Icahn's Apple tweets add a tasty $17bn to its value

Investor Carl Icahn has revealed he owns a large chunk of Apple's shares and believes they are undervalued

by Gabriella Griffith
Last Updated: 09 Oct 2014
A couple of tweets sent by billionaire investor Carl Icahn prompted Apple’s shares to rocket yesterday, adding an eye watering $17bn to its market value.

What did he say? Only that he now owns a large amount of the tech giant’s stock and he thinks it’s undervalued. Icahn’s Twitter chatter, just after lunchtime yesterday, sent the stock price soaring, ending the day 4.75% up, at $489.57 – its highest price since January.
 
Veteran activist investor Icahn is famed for taking large stakes in companies and forcing through changes in direction. He is believed to be pushing for a bigger share buyback from Apple.
 
He tweeted: ‘We currently have a large position in APPLE. We believe the company to be extremely undervalued. Spoke to Tim Cook today. More to come.’
 
That phone call must have been something of a bittersweet conversation for Apple CEO Tim Cook. Sure, the resulting tweets may have added billions to the value of the company, but Icahn’s demands will now be pretty hard to ignore.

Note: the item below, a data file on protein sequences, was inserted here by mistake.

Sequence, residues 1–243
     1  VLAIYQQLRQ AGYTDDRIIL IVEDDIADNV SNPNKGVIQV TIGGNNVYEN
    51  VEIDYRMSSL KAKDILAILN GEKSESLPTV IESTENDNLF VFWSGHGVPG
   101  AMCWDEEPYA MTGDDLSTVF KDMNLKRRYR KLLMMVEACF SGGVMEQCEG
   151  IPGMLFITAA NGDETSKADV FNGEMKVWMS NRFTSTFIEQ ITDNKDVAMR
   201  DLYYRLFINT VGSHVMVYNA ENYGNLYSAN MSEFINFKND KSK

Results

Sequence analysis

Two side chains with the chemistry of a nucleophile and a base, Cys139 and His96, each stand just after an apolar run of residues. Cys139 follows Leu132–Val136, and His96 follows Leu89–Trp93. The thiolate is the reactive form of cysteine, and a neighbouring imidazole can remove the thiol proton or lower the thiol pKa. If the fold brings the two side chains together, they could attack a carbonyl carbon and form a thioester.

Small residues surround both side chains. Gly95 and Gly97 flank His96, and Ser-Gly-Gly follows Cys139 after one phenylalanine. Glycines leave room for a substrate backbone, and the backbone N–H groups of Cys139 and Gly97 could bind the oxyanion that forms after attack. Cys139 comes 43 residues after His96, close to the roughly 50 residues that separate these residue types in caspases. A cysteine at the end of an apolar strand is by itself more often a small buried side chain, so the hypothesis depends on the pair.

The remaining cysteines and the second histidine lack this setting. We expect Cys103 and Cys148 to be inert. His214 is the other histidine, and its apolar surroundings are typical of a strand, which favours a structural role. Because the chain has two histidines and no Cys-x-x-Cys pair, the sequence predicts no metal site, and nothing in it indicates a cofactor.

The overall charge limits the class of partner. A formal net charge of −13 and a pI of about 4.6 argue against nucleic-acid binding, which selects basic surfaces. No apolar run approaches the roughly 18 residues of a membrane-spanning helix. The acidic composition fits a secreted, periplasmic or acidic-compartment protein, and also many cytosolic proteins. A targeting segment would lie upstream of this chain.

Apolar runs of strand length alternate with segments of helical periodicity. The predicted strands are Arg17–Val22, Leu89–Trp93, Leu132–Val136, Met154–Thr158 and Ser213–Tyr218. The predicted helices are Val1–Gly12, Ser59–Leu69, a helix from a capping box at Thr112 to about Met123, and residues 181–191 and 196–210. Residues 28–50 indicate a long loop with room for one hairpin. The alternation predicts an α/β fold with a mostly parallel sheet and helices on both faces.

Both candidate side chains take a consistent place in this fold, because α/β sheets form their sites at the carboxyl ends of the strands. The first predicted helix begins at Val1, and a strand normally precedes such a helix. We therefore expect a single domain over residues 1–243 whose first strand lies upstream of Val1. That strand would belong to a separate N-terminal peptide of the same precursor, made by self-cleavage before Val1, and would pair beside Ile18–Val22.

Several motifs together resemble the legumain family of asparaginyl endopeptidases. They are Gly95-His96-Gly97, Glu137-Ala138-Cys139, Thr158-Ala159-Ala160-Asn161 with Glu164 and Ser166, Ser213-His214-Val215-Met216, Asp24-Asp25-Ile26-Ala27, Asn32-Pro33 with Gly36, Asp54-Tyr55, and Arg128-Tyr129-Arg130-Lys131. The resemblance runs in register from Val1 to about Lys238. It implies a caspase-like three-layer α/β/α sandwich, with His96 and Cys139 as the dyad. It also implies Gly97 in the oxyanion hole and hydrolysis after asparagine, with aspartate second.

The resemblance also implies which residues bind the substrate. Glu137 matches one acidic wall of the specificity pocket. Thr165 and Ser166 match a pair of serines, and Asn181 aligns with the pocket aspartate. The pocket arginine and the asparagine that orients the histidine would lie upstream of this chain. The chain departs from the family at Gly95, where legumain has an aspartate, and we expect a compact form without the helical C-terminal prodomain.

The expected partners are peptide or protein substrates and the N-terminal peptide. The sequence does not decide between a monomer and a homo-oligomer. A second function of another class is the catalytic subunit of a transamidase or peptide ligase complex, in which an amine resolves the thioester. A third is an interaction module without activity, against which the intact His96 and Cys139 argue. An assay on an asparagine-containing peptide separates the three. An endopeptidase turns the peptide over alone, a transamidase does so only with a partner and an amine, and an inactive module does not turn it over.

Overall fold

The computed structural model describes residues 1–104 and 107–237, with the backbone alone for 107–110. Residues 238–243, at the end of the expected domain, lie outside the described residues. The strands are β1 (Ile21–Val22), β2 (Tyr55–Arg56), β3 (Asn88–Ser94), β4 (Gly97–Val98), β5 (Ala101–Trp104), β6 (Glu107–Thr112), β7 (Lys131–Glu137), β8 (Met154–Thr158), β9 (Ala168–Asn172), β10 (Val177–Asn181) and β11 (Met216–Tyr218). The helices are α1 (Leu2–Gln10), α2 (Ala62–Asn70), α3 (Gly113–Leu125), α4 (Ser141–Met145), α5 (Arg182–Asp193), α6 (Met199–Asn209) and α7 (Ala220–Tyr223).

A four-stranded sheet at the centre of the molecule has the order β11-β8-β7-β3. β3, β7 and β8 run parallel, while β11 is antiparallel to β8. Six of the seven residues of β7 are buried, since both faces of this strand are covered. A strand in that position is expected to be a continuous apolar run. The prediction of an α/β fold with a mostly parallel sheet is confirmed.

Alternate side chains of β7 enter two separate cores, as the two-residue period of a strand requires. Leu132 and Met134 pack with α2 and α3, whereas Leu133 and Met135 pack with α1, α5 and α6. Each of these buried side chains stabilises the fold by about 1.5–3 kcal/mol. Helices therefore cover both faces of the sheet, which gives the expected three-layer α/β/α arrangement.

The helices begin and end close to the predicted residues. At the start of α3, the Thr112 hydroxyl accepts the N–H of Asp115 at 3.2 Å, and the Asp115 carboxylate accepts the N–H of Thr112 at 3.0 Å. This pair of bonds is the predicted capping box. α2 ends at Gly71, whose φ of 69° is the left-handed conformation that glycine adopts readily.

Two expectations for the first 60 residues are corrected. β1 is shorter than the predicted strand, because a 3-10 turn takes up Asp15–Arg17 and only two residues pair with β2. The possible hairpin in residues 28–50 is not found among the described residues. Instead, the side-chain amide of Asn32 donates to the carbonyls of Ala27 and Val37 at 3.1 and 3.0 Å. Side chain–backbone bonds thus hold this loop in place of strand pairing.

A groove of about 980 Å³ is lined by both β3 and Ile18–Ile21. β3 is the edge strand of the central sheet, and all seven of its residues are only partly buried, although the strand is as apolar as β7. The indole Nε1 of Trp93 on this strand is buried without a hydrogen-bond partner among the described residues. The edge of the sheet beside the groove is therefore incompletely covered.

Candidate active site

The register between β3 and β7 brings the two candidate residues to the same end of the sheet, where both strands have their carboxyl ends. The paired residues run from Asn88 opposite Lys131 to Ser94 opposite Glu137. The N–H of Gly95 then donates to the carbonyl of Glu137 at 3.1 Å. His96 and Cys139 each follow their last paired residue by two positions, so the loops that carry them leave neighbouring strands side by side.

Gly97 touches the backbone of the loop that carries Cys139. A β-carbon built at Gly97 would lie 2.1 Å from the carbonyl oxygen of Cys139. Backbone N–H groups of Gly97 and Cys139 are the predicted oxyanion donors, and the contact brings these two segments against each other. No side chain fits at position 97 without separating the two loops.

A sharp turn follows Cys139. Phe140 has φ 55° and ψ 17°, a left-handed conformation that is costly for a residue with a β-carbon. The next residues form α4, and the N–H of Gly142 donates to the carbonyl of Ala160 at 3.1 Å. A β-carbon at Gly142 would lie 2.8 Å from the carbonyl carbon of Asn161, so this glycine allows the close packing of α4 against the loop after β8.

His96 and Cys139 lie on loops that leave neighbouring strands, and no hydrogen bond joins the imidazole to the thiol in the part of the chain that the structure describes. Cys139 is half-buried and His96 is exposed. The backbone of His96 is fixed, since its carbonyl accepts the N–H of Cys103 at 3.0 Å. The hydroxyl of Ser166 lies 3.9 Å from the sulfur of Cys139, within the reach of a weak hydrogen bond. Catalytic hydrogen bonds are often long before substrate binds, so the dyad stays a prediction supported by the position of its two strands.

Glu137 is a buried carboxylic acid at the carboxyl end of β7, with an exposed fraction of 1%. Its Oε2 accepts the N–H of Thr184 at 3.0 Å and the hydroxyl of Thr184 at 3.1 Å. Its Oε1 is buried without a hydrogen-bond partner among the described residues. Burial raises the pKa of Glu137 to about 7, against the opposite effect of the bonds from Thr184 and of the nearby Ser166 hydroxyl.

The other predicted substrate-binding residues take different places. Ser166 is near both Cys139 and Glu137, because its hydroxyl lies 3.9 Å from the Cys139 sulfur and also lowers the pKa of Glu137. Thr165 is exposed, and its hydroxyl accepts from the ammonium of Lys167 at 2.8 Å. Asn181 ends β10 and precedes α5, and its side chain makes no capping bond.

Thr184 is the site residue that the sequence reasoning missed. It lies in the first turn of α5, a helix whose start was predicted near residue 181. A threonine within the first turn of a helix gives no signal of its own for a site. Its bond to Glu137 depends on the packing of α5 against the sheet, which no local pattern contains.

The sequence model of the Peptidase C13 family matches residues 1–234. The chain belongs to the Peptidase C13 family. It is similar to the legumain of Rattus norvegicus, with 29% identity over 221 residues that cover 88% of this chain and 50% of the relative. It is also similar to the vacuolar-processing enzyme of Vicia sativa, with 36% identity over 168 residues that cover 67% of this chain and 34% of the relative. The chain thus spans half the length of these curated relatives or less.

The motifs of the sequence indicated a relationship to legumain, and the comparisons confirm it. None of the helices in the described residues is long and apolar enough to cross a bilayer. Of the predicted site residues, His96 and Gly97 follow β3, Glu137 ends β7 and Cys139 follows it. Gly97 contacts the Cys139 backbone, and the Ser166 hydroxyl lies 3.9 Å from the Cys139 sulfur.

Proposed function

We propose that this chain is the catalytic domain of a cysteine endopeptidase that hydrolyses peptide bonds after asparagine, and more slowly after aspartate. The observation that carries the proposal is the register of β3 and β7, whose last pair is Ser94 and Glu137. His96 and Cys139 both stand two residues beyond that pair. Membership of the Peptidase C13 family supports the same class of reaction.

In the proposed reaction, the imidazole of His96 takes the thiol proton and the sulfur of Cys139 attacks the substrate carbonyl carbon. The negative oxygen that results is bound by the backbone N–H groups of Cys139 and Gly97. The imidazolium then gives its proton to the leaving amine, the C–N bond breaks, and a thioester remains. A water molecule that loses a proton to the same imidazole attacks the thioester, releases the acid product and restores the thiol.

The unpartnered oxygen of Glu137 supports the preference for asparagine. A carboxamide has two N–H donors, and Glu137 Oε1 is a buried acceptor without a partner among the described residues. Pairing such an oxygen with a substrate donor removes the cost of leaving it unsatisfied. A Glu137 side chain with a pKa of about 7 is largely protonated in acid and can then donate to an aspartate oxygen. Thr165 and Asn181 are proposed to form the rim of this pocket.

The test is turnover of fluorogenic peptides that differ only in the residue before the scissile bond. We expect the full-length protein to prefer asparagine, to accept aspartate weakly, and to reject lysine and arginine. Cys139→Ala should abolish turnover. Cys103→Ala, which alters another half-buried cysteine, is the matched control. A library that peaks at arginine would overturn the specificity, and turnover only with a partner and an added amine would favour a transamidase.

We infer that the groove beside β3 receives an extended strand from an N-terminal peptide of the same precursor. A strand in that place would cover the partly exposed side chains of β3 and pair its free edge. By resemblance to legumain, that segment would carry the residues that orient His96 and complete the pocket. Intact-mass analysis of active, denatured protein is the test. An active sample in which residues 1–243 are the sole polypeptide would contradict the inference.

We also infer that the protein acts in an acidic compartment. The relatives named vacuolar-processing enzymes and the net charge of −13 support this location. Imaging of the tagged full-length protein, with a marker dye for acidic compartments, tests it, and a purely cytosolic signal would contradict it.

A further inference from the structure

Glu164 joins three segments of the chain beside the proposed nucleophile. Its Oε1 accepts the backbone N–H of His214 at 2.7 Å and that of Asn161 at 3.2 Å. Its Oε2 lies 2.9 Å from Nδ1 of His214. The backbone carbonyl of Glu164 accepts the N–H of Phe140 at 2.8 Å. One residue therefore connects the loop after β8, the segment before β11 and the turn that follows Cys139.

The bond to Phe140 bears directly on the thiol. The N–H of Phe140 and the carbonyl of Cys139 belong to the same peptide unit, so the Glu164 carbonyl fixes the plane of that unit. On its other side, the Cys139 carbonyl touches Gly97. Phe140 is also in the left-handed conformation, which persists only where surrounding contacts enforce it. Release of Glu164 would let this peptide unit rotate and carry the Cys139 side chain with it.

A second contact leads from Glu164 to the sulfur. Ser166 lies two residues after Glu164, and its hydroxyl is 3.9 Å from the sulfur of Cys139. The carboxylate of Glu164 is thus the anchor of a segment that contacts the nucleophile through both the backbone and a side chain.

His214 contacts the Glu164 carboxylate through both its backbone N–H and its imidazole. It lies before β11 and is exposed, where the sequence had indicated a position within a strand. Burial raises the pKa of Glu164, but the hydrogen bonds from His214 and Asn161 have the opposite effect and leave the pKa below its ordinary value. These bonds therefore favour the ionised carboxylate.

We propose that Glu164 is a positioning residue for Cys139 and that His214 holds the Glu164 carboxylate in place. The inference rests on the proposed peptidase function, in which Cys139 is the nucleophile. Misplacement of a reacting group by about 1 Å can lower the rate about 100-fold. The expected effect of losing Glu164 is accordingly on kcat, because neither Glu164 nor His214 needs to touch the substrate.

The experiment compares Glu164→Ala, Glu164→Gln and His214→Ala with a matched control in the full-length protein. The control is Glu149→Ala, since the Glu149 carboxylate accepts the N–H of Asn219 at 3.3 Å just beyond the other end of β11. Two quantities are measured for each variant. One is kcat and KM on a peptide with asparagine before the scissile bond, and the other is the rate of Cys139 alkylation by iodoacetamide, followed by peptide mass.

‘Discussed my opinion that a larger buyback should be done now. We plan to speak again shortly,’ came another tweet.
 
Right, that’ll be a larger buyback coming straight up then.
 
Apple responded, saying: ‘We appreciate the interest and investment of all of our shareholders. Tim had a very positive conversation with Mr Icahn today.’
 
US press has speculated Icahn’s share in Apple is well over $1bn, making Apple one of his largest investments.
 
It might be a good idea for Cook to give Michael Dell, chief executive and founder of the eponymous computer giant, a quick call to find out exactly what he’s dealing with when it comes to Icahn.
 
Dell is currently embroiled in a long and painful tussle with Icahn over his proposed buyback of the company. The activist shareholder has been blocking Dell’s offer to take the company private again, stating the deal isn't generous enough.
 
Icahn’s treatment of Apple has been softer so far, which is seen as a vote of confidence in Tim Cook, something the Apple CEO needs following a swathe of criticism.
 
Investors had become concerned about competition in the smartphone market, with stiff rivalry from global market leader Samsung. Most recently, Oracle chief executive Larry Ellison claimed Apple is doomed without Steve Jobs, (we can’t quote him exactly, he made his point through the medium of expressive dance).
 
But after the bad news from rival Blackberry earlier this week, along with Icahn’s conspicuous approval, pundits may well change their attitudes from Cook can’t, to Cook (I)cahn.

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